Volkswagen adds: “Volkswagen is accelerating its transformation into a software-driven mobility provider. By rolling out the ACCELERATE strategy that it has just unveiled, the company will systematically prepare for the profound changes in the automotive industry in good time. Just as Volkswagen resolutely led the way with its global electric offensive, now it is also accelerating the other big issues of the future: integration of software into the vehicle and the digital customer experience will become crucial core competencies. In implementing data-based business models, the company is seeking to attract new groups of customers and tap additional sources of income. Volkswagen also will make autonomous driving available to many people before the end of the decade.”

Overall, the company is investing €16 billion into e-mobility, hybridization, and digitalization up to 2025 according to current plans.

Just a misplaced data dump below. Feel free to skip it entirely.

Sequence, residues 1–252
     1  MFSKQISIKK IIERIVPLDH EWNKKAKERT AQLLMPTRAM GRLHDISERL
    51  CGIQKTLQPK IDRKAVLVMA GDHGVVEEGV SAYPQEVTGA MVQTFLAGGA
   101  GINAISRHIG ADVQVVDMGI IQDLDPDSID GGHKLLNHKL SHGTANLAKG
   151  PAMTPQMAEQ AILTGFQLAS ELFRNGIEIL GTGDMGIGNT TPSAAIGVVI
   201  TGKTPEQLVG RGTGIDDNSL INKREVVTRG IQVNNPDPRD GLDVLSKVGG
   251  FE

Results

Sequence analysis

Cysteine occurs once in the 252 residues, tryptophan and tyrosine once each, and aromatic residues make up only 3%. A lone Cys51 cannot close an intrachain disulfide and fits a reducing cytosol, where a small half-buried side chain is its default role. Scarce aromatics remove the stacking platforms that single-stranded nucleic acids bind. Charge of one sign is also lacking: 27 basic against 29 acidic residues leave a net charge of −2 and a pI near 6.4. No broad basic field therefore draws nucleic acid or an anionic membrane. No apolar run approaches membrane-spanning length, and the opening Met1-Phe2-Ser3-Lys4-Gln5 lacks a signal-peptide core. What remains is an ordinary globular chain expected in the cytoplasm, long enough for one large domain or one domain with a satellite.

More details can be found here.

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Zachary Shahan

Zach is tryin' to help society help itself one word at a time. He spends most of his time here on CleanTechnica as its director, chief editor, and CEO. Zach is recognized globally as an electric vehicle, solar energy, and energy storage expert. He has presented about cleantech at conferences in India, the UAE, Ukraine, Poland, Germany, the Netherlands, the USA, Canada, and Curaçao. Zach has long-term investments in Tesla [TSLA], NIO [NIO], Xpeng [XPEV], Ford [F], ChargePoint [CHPT], Amazon [AMZN], Piedmont Lithium [PLL], Lithium Americas [LAC], Albemarle Corporation [ALB], Nouveau Monde Graphite [NMGRF], Talon Metals [TLOFF], Arclight Clean Transition Corp [ACTC], and Starbucks [SBUX]. But he does not offer (explicitly or implicitly) investment advice of any sort.